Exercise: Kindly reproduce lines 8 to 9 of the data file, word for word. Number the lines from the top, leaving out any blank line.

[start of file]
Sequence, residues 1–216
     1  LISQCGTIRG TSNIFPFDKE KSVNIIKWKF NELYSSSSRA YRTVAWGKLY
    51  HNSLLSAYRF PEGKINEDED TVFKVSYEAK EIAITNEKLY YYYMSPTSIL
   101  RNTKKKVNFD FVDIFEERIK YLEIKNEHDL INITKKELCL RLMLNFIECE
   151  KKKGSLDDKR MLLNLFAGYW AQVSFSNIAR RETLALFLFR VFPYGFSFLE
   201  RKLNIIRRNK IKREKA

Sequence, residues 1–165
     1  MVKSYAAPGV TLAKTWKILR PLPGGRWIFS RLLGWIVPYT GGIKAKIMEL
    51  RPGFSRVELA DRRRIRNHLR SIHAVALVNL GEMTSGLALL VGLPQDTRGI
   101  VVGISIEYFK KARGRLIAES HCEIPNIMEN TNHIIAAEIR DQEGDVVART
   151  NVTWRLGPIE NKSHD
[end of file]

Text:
     1  MVKSYAAPGV TLAKTWKILR PLPGGRWIFS RLLGWIVPYT GGIKAKIMEL
    51  RPGFSRVELA DRRRIRNHLR SIHAVALVNL GEMTSGLALL VGLPQDTRGI